Memory loss is a normal part of ageing, however,  it can affect us all and is frustrating at the best of times. If your ageing parent is concerned about memory loss, there are ways to improve memory using techniques that can improve their memory on a daily basis.

There are many factors that can affect our memory;  stress for example, significantly reduces our ability to retain information, as does depression and anxiety. We have all experienced a busy mind that feels full to the brim, or a lack of patience and attention span. So taking a calm and measured approach is definitely a good start.

Using Mnemonic Devices

Mnemonics are systems intended to assist memory function. You and your ageing parent will more than likely remember using them in school for remembering musical notes; Every Good Boy Deserves Fruit.

A planets mnemonic which was current in the 1950s was “Men Very Easily Make Jugs Serve Useful Needs, Perhaps” (for Mercury Venus Earth Mars Jupiter Saturn Uranus Neptune Pluto).

Mnemonics include anything from patterns of numbers and letters, to visual cues and associations, and can be as simple or abstract as you like.


This is an incredibly useful and effective way of recalling information. Acrostics have been used by almost everybody, they are sentences where each word’s first letter is significant.

Many of us learned the order of the planets and the colours of the rainbow with silly-sounding sentences that have lodged themselves in our brains for our entire lives.

The more widely used is rhymes, such as “In fourteen-hundred and ninety-two, Columbus sailed the ocean blue”, or the alphabet sung to the tune of Twinkle Twinkle Little Star, and remembering the number of days in each month.

The Loci method

The Loci method has been used for thousands of years; in ancient Romans, and Greeks. This is where you use spatial awareness, mentally placing things you want to remember in locations that are familiar to you.

A simple example of this is if you want to remember what to buy at the shop, you can write a mental list, then imagine that list on a notepad you have at home. While shopping, you can locate the notepad in your mind, wherever it is in your home, and recall what you put there – this is a good way to exercise memory.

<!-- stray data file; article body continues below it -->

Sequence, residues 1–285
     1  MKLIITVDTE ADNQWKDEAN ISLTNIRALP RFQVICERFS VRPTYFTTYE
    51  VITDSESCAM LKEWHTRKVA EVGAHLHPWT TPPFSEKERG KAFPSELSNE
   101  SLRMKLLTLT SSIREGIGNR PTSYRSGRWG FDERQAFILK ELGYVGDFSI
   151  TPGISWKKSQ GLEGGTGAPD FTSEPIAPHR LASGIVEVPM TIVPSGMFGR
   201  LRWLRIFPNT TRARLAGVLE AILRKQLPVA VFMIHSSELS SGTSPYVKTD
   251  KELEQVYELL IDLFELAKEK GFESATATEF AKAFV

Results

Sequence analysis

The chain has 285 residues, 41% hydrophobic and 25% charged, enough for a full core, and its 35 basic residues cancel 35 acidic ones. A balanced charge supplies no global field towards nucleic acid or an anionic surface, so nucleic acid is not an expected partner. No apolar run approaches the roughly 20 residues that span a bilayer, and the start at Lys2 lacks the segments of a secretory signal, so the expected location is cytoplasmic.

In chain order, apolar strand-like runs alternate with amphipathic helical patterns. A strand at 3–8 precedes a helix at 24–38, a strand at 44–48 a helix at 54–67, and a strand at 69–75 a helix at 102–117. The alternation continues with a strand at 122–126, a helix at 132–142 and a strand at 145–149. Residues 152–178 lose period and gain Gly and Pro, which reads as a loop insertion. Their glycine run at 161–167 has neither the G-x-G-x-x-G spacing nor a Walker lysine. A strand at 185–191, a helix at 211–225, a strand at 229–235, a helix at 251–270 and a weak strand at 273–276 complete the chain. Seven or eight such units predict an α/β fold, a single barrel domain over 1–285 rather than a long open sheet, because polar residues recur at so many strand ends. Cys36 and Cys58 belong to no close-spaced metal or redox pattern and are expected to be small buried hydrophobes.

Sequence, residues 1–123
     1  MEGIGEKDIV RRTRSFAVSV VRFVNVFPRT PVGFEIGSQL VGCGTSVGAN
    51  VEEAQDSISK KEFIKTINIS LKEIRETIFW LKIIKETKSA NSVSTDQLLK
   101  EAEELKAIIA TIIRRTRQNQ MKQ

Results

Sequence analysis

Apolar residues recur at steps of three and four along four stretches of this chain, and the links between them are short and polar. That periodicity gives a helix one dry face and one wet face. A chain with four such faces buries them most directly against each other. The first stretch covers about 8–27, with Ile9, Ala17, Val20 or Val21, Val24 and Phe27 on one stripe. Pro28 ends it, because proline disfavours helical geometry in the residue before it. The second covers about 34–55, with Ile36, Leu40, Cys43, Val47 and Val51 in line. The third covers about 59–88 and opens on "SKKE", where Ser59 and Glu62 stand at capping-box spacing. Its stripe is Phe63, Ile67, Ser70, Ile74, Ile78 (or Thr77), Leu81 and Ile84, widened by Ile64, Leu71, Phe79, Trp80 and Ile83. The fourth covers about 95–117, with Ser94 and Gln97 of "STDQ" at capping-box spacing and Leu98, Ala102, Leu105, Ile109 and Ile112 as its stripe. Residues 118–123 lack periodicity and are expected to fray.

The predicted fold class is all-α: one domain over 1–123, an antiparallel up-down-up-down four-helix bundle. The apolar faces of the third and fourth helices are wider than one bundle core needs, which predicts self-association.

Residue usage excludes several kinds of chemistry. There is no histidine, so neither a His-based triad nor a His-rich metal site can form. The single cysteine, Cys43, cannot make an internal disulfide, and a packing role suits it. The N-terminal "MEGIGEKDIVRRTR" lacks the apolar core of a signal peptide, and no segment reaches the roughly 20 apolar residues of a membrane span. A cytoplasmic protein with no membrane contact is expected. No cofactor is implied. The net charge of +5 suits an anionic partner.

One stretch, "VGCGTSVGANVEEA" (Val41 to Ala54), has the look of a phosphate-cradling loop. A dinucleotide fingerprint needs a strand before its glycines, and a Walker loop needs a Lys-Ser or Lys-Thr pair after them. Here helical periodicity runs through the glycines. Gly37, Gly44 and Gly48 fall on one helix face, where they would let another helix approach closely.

If that seems too challenging for an ageing parent, then you can suggest that they try using sticky notes around the house. You will be surprised how quickly you are able to associate what is written on them with where you are.

Be Mindful

Positive thinking significantly increases the chances of improving memory. The worst thing your ageing parent can do is to be hard on themselves, or adopting a defeatist attitude of “I can’t” or “I’m hopeless at this”. Encourage them to be positive and that it is entirely possible to keep their memory healthy.

The more you expect to be forgetful, the more you will be. so, they can turn this around, focusing on all the small achievements made,  and the things they do remember, rather than those they forget.

The same goes for taking a moment to pause, breathe and calmly retrace your steps either mentally or physically.


This is another vital tool for forming and retaining new memories. Many of us are too distracted to give our full attention to what it is we need to remember. Giving that thing priority and time will also give it a chance to solidify in our mind.

Exercise Your Brain

Our brains are no different from the rest of our bodies – they need a balanced diet of stimulation and rest, with the right kind of both. Crosswords, Sudoku, jigsaws and other puzzles are great ways to flex their grey matter – it’s also handy to keep this in mind when thinking of gifts you could send them. Think of the brain as a muscle that needs exercise.

Testing yourself is also a proven means to really ingrain what you’ve learned, regardless of how well you score. There are also many brain exercise applications for mobile or tablets that can be fun and convenient to do. One example is Peak Brain Training – a really easy to use brain workout that maps your improvement over time. You can also schedule daily brain workouts.

Our minds are usually at their most restful just before we sleep. So revising any new information during this time will help it to find its place in your mind. It has been suggested that listening to classical music is a good accompaniment to learning, thanks to its ability to sharpen our concentration whilst simultaneously quietening the white noise.

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